Eliminating Duplicates

Multiplicity

Yesterday I ran into a programming problem and I didn’t like any of the solutions I came up with. I went to bed kind of grouchy about it.

Here’s the problem: Given a huge number of strings, return an array that has each string appear just once. Eliminate all duplicates.

This is a common enough problem in programming that there exists a large body of literature about it.

The solutions I found, though, were pretty ugly. They either involved nested loops and a lot of comparisons, or brain-busting regular expressions.

Now, I’m always willing to look at the regular expression solution to a problem, but for me a RegEx solution is a lot of work. It’s like trying to dredge up my high school Latin. You know the joke–there are 10 kinds of programmers, those who understand Regular Expressions, and those who don’t.

I wanted small, simple code. I couldn’t find anything that really felt right.

Going with the Flow

What kept bugging me? In the back of my head, I kept thinking that all these solutions are coming from other languages. They’re not taking advantage of JavaScript.

Isn’t there something in JavaScript that naturally removes duplicates? And finally, it hit me: object keys.

Objects in JavaScript are hashes–they are made of two parts: the left part and the right part.

{"left":right}

The key is unique, but of course the value can be duplicated.

Then I had it: The “key” is the key. All I have to do is loop through the strings and assign them to the keys of an object. Hashes are an automatic duplicate removal machine.

And it works. JavaScript does the work of eliminating the duplicates naturally. I’m not doing the heavy lifting in JavaScript. Instead, JavaScript is doing the heavy lifting internally in some kick-ass compiled C loop.

My code stays clean and minty fresh because I’m relying on heavily tested and optimized code inside the JavaScript interpreter of the browser.

function eliminateDuplicates(arr) {
  var i,
      len=arr.length,
      out=[],
      obj={};

  for (i=0;i
var a=[];
var b=[];

a[0]="fish";
a[1]="fishes";
a[2]="fish";
a[3]="1";
a[4]="fishes";

b=eliminateDuplicates(a);
console.log(a);
console.log(b);

---

["fish", "fishes", "fish", "1", "fishes"]
["fish", "fishes", "1"]

Further

Armed with this concept, I was able to simplify my code even more. My data didn't start out as an array. Instead, it was coming from a file, so I just grabbed the strings as they came in and stuffed them right into the object as keys.

Every language has its own strengths and weaknesses. You get a nice feeling when you finally see the problem you're trying to solve in the context of the tool you're using to do the job.

Advertisements

Default Parameters, Episode V

I keep a pretty close eye on the searches that bring people to this blog. A lot of you are searching for how to sort in JavaScript (I’ll have to go into more detail on sorting soon). And a whole mess of you want to know about missing and default parameters.

I’m going to take another shot at the default parameter problem. I gave a solution that adds just one line of code per function, but it requires you to pass all parameters in a single object. I’ll adapt that solution to better handle the normal way of passing JavaScript parameters.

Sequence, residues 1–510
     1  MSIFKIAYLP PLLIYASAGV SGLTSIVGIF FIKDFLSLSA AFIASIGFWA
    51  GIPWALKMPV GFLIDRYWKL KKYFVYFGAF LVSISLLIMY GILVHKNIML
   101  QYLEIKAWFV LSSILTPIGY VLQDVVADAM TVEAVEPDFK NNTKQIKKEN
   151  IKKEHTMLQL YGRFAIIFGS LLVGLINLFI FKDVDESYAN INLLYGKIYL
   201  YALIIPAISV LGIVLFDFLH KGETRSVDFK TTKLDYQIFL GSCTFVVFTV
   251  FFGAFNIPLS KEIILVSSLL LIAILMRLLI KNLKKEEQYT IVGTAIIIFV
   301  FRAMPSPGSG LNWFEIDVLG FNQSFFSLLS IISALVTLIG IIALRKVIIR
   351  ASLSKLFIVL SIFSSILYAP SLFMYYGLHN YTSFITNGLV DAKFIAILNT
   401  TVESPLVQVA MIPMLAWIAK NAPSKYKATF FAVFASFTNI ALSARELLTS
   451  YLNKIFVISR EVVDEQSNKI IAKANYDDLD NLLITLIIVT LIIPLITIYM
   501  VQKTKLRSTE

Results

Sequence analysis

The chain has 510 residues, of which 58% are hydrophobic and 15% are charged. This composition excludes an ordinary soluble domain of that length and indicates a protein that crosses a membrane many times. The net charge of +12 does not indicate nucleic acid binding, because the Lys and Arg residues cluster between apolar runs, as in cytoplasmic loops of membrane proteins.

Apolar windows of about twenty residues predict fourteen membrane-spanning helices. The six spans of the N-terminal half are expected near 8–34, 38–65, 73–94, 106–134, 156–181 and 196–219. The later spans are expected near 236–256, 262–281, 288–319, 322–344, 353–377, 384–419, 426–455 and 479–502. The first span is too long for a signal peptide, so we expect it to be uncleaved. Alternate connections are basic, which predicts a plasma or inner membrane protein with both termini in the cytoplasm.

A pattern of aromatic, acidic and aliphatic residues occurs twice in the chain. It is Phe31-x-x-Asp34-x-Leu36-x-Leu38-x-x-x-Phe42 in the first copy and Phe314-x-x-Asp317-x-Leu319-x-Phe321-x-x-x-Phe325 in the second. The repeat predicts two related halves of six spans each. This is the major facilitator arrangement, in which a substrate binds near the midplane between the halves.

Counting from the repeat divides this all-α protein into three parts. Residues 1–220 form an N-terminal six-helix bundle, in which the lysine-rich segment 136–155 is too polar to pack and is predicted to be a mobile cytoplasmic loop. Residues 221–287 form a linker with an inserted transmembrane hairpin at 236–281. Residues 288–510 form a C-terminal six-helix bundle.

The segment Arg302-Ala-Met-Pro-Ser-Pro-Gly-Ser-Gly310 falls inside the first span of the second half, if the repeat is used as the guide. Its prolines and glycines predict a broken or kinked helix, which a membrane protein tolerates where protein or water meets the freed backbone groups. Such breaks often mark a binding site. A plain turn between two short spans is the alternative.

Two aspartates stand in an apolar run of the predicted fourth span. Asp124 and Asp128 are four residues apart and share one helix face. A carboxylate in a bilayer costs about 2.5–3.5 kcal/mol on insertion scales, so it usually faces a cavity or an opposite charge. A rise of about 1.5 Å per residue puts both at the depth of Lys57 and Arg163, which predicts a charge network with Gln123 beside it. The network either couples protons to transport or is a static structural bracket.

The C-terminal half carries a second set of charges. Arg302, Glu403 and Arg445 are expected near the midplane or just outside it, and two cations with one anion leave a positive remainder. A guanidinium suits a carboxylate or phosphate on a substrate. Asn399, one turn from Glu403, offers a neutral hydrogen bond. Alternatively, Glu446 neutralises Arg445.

Really quickly, let’s talk about JavaScript parameters.

  1. When you pass in fewer than the expected number of parameters, the missing ones come in as undefined.
  2. When you pass in more than the expected number of parameters, the excess ones can be slurped out of the arguments pseudo-array. This array-like variable has the length method, but is missing other array methods.
  3. A common way to implement default parameters is with a series of statements like this: a=a || 1; The problem with such a statement is that so many different values evaluate to false that it’s easy to make a mistake and prevent a valid number like 0 from coming through.
  4. A better way to implement default parameters is like this: if (a===undefined) a=1;
  5. Another common way is if (a==null) a=1; This works pretty well because null and undefined are loosely equal to each other, but other falsy values aren’t equal to either of them.

Let’s modify my defaultHandler from my previous post on the subject so that it works with arrays instead of objects.

    defaultHandler=function(defaults,params) {
        var i;
        for (i=0;i<defaults.length;i++) {
            if (params[i]!==undefined) {
                defaults[i]=params[i];
            }
        }
        return defaults;
    }

Choose Your Poison

You now have a couple choices on how to use it. After the default handler is called, the array params will hold all your parameters in order.

    function test(a,b,c) {
        var params=defaultHandler([1,"banana",3],arguments);

        console.log(params);
    }

If you really want to, you can stuff the values back into the original named parameters…

    function test(a,b,c) {
        var params=defaultHandler([1,"banana",3],arguments);
        a=params[0];
        b=params[1];
        c=params[2];

        console.log(a,b,c);
    }

It’s a shame there’s no way to automate that stuffing of the parameters back into the original variables, isn’t it?

Ah, but there is. In fact, the whole process can be cleaned up with a bit of metaprogramming and some introspection. But that’s for Episode VI.

Note: This is the second post on default parameters. I took a cue from George Lucas on its numbering to try to get some search hits from the Star Wars zealots.

JavaScript Functions are Weird, Too

Remember when I said that JavaScript arrays are weird because they are also objects? Aside from their numbered elements, they can have, in addition, hash elements (a key and a value).

Believe it or not, functions in JavaScript are just as weird. They also are objects. If you have a function named bar, it can have a property named foo.